The big hike in new public borrowing over the summer – nearly £3.5bn more than forecast - came as a nasty surprise in the latest ONS figures out this morning, and adds to the growing sense that we are by no means out of the economic woods yet. News on the manufacturing, bank lending and house price fronts has been similarly downbeat in recent days.
So what went wrong? In a word, inflation. In particular the refusal of the Retail Price Index to play ball. It’s now running at getting on for 5%, compared to CPI inflation (which does not include housing costs) of just over 3%.
RPI is often ignored by commentators, especially government ones, because it is no longer used as the official indicator for interest-rate setting decisions. But it is far from being as insignificant as some would have us believe, not least because it is still used to calculate the interest due on index-linked government securities - Gilts.
In consequence the interest the government has had to pay on Gilts has almost tripled from £1.3bn last August to £3.8bn this. It all makes Bank of England governor Mervyn King’s claims that we are living in permanently low-inflation economy rather hard to swallow (although King’s pronouncements do seem to have had some beneficial effects, not least in keeping pay claims in check).
So does it mean we’re staring a double-dip in the face? Well, not necessarily. Overall borrowing is down year-on-year, at £58.1bn compared to last year’s £61.9bn, and the forecast for the year as whole is unchanged at £149bn, down from £155bn last year.
Tax receipts are also still rising, as the ONS is keen to point out, which suggests that spending is still holding up reasonably well.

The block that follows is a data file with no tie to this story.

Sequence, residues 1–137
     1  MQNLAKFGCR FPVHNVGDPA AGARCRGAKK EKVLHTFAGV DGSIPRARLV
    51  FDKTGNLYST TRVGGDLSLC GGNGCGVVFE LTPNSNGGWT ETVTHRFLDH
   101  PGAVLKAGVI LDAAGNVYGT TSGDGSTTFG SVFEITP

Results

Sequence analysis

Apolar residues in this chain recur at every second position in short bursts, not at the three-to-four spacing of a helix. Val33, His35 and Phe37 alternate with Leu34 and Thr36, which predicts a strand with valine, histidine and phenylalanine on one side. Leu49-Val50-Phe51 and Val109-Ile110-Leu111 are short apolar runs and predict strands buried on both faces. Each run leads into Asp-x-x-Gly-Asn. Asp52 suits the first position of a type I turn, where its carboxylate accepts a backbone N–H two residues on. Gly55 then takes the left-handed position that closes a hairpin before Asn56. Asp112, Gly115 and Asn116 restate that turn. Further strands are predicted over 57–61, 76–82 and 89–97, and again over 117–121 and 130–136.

The other piece of good news is that leading credit ratings agency Moody’s has decreed that UK plc’s coveted AAA credit rating should remain. Albeit with a stern warning that should planned austerity measures fail to materialise, all bets could be off.
This is particularly important at present for two key reasons. Firstly, any downgrade would seriously damage the government’s capacity to borrow money on the open market because it would have to offer a better interest rate to attract takers in the first place.
And secondly because, despite all the big-brained economists and their sophisticated models and theories, so much of international finance comes down to confidence. Confidence in political leadership, confidence in institutions and confidence in financial systems. Confidence, ultimately, that as an investor your money isn’t unexpectedly going to vanish into thin air.
So the AAA rating means that we are still allowed out to play with the big boys, and don’t have to join the Greeks, Portuguese, Irish and Spanish in the downgraded Dunce’s corner. At least not for now.